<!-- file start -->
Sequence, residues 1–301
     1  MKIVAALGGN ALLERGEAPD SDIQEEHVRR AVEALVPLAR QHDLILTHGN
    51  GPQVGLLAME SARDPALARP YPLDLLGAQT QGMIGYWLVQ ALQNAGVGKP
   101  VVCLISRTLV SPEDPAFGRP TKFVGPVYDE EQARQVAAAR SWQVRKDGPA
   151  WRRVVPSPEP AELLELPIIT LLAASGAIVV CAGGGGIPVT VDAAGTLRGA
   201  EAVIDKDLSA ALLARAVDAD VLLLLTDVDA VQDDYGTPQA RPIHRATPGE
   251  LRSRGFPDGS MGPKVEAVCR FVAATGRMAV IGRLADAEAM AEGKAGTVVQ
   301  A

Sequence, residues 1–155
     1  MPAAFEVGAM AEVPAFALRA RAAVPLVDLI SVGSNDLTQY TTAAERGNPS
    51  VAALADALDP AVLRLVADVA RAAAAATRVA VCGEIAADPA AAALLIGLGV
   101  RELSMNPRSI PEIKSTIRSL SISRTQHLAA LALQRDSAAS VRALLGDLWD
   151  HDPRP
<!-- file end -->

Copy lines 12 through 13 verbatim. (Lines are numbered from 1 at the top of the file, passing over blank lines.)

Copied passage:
   101  RELSMNPRSI PEIKSTIRSL SISRTQHLAA LALQRDSAAS VRALLGDLWD
   151  HDPRP